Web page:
This is our collective position:
* We agree that FGM is child abuse and a severe form of violence against women and girls.
* We agree that FGM is a violation of the rights of the child and a violation of the rights of women and girls.
* We agree that the medicalisation of FGM must stop.
We know that in some communities, FGM occurs because it is regarded as a tradition, a rite of passage. On the surface, it may appear that the girls themselves willingly subject themselves to be circumcised, with their families’ blessing.
However, this does not make the practice acceptable. It is wrong to suggest that children can chose to undergo FGM. Many of these girls are underage and therefore they are not in a position to give informed consent to a practice that has lifelong physical and psychological consequences. Similarly, they may be under intense social pressure to have FGM and may also be unaware of what the procedure truly entails and the long term impact on their sexual and reproductive health.
There is no compelling argument to excuse FGM. The long-term physical, psychological and emotional trauma from FGM (not fully addressed in the article, some of which are transgenerational) which healthcare professionals and the women themselves are only too aware of, mean that there are no benefits but significant harm attached to the practice.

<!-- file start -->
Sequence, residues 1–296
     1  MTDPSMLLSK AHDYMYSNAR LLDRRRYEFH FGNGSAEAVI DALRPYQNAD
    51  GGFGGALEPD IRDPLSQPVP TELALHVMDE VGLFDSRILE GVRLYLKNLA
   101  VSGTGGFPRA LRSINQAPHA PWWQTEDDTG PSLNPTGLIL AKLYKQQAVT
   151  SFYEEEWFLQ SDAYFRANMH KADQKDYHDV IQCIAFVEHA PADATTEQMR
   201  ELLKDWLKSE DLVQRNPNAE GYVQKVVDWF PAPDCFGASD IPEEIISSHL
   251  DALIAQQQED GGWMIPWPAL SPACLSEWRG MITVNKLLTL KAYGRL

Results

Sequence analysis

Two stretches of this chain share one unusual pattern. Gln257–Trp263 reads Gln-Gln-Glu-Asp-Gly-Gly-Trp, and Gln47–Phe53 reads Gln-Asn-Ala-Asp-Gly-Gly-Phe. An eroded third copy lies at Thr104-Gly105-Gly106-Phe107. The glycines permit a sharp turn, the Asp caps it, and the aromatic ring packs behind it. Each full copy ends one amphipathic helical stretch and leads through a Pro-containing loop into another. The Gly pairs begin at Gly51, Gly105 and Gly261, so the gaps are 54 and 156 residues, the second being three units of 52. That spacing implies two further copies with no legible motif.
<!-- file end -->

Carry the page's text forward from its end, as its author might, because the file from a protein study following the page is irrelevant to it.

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Should candidates for suicide be encouraged?
It was with great sadness and concern that I read the interview with Bettina Shell-Duncan, anthropologist, entitled: “Why Some Women Choose to Get Circumcised”.
Based on the modest experience of 30 years’ activity of the Inter-African Committee in the fight for the elimination of female genital mutilation, I would like, once again, to emphasize that we must avoid falling into the trap set by those who seek fame and free publicity by opposing human achievements proven to be for the good of humanity, such as the fight to eradicate FGM in the world.
African women, and men (since men are the indirect target group of FGM), who are in majority the victims of this horrible practice, which is traditional not cultural, agree to engage fully in the campaign against this plague at all levels: community, national as well as regional through the African Union and African Heads of State. In order to show their willingness and commitment, and thanks to the advocacy of the Inter-African Committee and its partners, the African Heads of State not only adopted, in 2003, the Protocol to the African Charter on Human and Peoples’ Rights, on the Rights of Women, in which article 5 is exclusively dedicated to FGM; they also requested and obtained from the United Nations General Assembly the vote of Resolution 67/146 on the elimination of female genital mutilation, rightly considered a serious violation of human rights. Twenty African countries already have specific laws against FGM.